12 June 2012

How to respond to oil spills in Singapore?

Today I visited an exhibition site set up to deal with wildlife affected by an oil spill. Conducted by the Oil Spill Response team, thanks to the invitation forwarded by N. Sivasothi of International Coastal Cleanup Singapore.
The set up was of a "Temporary oiled wildlife facility" showcasing "first strike wildlife equipment".

Yei Ling was at the site to kindly show me around. Here is one station for weighing oiled animals.
But we started earlier with the first station featuring special gear provided to protect people who work with oil spills. This includes white covering for the entire body.
A closer look at the gloves and boots needed to protect people when dealing with crude oil.
There's a station for the vet to check on the animals.
With all kinds of equipment and supplies.
Also a station to wash and dry the animals.
Another station to prepare food and to feed (usually force feed) the animals.
Nearby, temporary pools and cages to house rescued animals after they have been treated.
There's a photo of penguins in the pool.
Before leaving the site, a station where people can clean up and dispose of protective equipment properly.
Here's a diagram of the temporary set up.
All these equipment come in these two pallets which can be deployed quickly wherever they are needed.
NParks officers were also at the site to have a look at the set up.
While impressive, the set up is clearly more suitable for situations where a lot of seabirds are affected. For Singapore, we are unlikely to face this situation.

Oil Spill Response is a non-profit company which provides "resources to respond to oil spills efficiently and effectively on a global basis" to members which are mainly oil companies. Their services can only be activated by the oil spiller.

The exhibition was set up on East Coast Park, the site of a major oil spill in May 2010. Today, all is clean and blue with kids playing on the seashore. But in Singapore, big ships are never far away from the shore.
How did our shores cope with the May 2010 oil spill?
Since the spill, I have been visiting Tanah Merah every month. The crude was never removed from these shores and still remain there to this day beneath the sand. But there's still lots of marine life there, and the coral reef that settled naturally at Tanah Merah Ferry Terminal are still alive.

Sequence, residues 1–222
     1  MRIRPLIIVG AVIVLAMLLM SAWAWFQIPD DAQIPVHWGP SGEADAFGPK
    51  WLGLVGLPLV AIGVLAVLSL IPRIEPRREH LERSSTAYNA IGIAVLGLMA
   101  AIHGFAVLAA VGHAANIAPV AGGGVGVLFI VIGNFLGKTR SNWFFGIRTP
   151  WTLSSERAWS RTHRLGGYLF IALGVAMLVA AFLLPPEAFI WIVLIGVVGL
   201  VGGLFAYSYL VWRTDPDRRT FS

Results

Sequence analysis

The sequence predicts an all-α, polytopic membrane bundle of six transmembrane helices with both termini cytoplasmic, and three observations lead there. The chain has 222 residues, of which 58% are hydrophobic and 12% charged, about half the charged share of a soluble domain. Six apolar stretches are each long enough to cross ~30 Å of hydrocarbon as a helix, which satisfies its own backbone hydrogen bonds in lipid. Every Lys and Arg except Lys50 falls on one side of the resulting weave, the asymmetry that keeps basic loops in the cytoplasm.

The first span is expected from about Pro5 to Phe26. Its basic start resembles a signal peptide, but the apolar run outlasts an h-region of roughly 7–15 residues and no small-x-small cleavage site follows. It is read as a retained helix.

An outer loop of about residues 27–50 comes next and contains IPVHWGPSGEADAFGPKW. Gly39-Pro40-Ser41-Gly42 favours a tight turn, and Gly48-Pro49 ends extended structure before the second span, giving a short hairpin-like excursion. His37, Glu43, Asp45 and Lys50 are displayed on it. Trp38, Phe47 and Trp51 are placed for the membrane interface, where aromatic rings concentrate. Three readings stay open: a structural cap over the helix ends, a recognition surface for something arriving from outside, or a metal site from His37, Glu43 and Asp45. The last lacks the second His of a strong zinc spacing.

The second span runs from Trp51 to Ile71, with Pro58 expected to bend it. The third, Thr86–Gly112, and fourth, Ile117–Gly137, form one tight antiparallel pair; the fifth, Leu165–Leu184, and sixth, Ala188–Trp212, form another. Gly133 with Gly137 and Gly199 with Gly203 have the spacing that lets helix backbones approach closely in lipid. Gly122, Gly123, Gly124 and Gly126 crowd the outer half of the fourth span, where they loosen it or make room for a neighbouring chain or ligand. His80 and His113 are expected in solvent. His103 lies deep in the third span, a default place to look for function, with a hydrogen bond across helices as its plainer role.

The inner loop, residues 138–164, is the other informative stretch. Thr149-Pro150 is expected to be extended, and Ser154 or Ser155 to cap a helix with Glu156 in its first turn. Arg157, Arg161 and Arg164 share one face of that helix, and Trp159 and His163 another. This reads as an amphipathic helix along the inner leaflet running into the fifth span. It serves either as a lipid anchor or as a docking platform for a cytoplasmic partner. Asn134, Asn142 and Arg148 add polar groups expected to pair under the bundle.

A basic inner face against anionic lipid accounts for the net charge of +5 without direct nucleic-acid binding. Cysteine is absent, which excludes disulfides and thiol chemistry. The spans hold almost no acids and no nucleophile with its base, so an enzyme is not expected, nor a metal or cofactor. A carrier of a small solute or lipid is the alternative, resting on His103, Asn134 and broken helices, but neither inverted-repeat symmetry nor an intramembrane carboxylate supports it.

In my opinion, I feel it is more important to do what is best for the marine life and shores, and not just do what makes us feel better. We should try not to initiate a response that may worsen the impact of the oil spill. Dispersants applied in huge quantities means adding more chemicals to the water, adding more stress to marine life. Well-meaning volunteers may put themselves and marine life at risk unless there is a good understanding of the situation. Attempting to wash and clean delicate animals and invertebrates just adds further stress to them and may kill them. Relocating them to our other shores introduces imbalances to those other shores. Most of the organisms that form the foundation of our marine ecosystems, like seagrasses and corals, are immobile.

Good response requires sound and timely information, about the actual situation on our shores, the oil spill itself and good coordination among parties involved.

There were studies done on Tanah Merah, and possibly elsewhere, following the May 2010 oil spill. These should provide information that can guide us towards a better response to oil spills and their impact on our marine life. But the results of these studies have yet to be made public.

International Coastal Cleanup Singapore, ACRES and wildsingapore have been working on a proposed plan to manage volunteer response during an oil spill. Details will hopefully be published soon.

Related posts
Latest updates on oil spills in Singapore on the May 2010 oil spill facebook page

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